2022, NC-17, 166 min. Directed by Andrew Dominik. Starring Ana de Armas, Adrien Brody, Bobby Cannavale, Sara Paxton, Caspar Phillipson, Julianne Nicholson, Scoot McNairy, Rebecca Wisocky.
REVIEWED By Jenny Nulf, Fri., Sept. 23, 2022
Female celebrities are meant to be sexy, but sexless. They’re meant to be fantasized about in the bedroom, their exploitations kept behind closed doors and unbeknownst to the public, the angelic vision of beauty without the scandal of one-night stands. Marilyn Monroe was every American’s fantasy – a desirable beauty with a sublime balance of sex appeal and approachability, a “cool girl” of her time. Blonde seeks to destroy that perfect pinup and topple the pristine myth of Monroe’s celebrity.
The second adaptation of Joyce Carol Oates' 2000 novel, Blonde is in a way a spiritual sequel to director Andrew Dominik’s The Assassination of Jesse James by the Coward Robert Ford. In both films Dominik tackles obsession, fame, and immortalization after death. With Jesse James, he was able to invert the quintessential American male celebrity, an outlaw whose place in history texts was sealed the moment Ford shot him through the head. Monroe in Blonde proves to be more difficult for Dominik to crack. In his latest feature, he casts aside subtlety and ramps up the weirdness, creating a spectacle that’s designed to be uncomfortable, from excess topless shots of Monroe to talking CGI fetuses. Dominik’s towering ambition often gets in the way of cohesive storytelling, leaving a lot to be desired for large stretches of the film, but when all the cogs seem to match up together, Blonde packs a punch, a stab to the gut that rips to the core.
Blonde at times feels like a horror movie, with its uneasy sound editing and harsh lighting. The crackling of cameras flashing at movie premieres sounds like the flames that engulf L.A. the day her mother abandons her, and an abortion shot from the point of view of the fetus is reminiscent of something like the French extremity film Inside. Ana de Armas’ screeches as Monroe pierce throughout the film, a guttural cry to be felt. At a premiere, the audience’s faces seem to blur while she sinks into her seat uncomfortably, staring at herself on screen.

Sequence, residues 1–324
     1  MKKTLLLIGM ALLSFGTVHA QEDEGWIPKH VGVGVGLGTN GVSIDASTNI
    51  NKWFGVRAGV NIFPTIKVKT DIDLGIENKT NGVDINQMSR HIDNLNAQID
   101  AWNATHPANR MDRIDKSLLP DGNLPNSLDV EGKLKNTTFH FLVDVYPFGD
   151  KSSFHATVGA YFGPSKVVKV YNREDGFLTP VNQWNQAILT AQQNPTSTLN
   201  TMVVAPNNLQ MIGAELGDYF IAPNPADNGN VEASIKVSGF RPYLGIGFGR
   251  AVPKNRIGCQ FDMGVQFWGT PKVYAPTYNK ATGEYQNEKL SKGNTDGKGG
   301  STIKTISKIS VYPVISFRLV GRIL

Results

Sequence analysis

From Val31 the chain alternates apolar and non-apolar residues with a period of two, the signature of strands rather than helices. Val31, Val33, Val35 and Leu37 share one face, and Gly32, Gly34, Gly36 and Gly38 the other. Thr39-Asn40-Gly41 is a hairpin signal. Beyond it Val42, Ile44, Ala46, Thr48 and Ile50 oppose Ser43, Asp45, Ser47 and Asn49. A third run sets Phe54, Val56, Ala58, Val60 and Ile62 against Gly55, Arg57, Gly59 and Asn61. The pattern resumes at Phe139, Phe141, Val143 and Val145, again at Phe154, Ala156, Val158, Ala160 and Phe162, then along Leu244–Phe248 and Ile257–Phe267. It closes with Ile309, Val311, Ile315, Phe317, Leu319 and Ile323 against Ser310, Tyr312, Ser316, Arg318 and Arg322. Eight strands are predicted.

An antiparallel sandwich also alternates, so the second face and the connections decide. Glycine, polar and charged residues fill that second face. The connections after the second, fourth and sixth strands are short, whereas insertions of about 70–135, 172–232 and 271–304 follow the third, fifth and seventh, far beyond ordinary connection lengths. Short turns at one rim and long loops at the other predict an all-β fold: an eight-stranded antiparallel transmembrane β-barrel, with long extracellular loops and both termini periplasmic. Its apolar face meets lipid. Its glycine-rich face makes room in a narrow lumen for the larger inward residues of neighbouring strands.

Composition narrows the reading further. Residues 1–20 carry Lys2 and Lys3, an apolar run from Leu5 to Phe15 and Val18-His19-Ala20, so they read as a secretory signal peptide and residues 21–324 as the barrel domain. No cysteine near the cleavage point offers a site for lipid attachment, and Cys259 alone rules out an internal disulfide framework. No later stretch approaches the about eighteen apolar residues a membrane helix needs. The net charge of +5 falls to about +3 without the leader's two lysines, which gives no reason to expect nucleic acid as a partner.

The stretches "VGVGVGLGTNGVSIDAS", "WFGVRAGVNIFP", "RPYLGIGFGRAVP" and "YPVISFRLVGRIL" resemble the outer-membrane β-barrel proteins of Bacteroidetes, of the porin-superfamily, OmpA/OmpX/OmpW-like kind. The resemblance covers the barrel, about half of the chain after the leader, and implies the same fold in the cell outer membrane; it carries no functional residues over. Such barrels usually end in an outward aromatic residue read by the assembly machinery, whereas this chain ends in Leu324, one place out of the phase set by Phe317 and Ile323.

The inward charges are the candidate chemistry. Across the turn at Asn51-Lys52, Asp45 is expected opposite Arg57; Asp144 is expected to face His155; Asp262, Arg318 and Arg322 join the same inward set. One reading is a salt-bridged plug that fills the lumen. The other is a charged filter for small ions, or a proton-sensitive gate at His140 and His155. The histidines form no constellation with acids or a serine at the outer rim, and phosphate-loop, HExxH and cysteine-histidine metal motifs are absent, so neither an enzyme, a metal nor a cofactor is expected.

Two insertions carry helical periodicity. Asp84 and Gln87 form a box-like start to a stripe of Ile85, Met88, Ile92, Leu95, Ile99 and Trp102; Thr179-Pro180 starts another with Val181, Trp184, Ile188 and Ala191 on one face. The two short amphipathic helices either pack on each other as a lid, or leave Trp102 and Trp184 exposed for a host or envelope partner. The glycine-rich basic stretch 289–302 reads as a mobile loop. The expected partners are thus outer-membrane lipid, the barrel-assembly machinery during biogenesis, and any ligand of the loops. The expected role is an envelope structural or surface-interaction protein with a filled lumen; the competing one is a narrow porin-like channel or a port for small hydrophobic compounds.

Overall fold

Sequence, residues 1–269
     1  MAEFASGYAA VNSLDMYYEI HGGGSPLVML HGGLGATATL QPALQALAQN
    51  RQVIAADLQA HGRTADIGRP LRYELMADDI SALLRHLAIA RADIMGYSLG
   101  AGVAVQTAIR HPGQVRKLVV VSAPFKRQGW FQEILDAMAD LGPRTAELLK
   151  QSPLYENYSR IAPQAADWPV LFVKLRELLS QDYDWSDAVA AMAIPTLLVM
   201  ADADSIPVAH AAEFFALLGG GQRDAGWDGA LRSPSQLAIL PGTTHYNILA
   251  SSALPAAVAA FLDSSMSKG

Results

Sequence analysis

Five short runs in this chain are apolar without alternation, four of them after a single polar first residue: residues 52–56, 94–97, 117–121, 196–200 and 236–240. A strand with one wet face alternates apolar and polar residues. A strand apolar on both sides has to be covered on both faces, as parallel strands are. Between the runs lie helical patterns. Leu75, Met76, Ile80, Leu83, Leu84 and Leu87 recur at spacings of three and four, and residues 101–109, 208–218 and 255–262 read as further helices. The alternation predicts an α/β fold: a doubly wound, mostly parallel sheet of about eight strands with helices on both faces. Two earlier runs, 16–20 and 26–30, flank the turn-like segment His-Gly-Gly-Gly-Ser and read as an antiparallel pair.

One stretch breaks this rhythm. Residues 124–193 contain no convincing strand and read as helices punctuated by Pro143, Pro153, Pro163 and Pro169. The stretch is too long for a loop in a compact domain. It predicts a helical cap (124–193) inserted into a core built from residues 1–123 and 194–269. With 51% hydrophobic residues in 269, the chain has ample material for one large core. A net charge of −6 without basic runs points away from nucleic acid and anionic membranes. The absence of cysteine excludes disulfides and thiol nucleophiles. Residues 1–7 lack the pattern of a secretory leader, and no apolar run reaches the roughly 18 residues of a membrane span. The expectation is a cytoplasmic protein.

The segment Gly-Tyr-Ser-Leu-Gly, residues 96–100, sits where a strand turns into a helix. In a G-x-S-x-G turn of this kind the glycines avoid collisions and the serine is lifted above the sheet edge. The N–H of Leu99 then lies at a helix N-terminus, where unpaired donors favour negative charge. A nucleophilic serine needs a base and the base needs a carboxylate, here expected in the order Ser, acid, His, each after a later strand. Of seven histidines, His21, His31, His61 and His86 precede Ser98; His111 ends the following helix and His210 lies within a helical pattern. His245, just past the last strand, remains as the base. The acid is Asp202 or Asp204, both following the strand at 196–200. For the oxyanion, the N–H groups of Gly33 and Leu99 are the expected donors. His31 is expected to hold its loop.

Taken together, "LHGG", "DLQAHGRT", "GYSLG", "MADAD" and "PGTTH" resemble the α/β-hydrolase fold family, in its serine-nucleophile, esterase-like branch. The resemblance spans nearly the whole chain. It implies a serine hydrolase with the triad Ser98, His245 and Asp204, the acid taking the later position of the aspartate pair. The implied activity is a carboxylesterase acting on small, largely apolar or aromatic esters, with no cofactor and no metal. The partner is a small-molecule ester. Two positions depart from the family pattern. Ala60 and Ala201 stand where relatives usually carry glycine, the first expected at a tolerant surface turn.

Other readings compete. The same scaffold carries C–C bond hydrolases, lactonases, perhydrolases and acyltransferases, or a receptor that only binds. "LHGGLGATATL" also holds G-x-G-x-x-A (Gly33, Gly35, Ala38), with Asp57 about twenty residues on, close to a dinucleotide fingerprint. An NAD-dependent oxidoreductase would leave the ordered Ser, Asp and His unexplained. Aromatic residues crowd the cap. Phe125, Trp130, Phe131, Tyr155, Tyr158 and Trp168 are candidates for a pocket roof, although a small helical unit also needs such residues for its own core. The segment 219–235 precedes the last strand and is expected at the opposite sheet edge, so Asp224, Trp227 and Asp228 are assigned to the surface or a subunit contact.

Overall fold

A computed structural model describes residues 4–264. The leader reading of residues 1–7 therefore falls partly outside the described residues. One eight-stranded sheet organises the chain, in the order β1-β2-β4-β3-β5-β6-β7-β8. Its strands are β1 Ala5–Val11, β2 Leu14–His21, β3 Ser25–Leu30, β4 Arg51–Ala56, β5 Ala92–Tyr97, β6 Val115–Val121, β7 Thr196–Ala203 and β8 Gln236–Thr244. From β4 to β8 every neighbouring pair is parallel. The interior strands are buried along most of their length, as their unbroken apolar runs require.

De Armas’ glossy, expressive eyes are a gateway into Monroe’s soul, a window into her fears. Blonde wants you to always remember that Monroe was a character, a fictionalized figment dreamed up by Norma Jeane, who eventually grew too big as the world started to fanatically consume her. It’s a breakdown of the traditional biopic, an attempt to put a mirror up to the fantasy that’s often craved by fans, and Monroe’s fans have stayed obsessed long after her death, idolized, protected, and beloved.
Where Dominik struggles with Blonde is the specific dissection of the female mind in fame. While perhaps not purposefully misogynistic, the Freudian nature of Norma Jeane’s desires feels ripped from a film student’s essay. The aforementioned talking fetus, while extremely bold, comes across disturbingly pro-life, and every time Norma Jeane calls a man in her life “Daddy” it’s eye-roll inducing. And yet perhaps these obtuse instances work, because when de Armas’ performance is given the space to be quiet and chilling, Blonde suddenly hits, and what once felt hollow feels painfully visceral.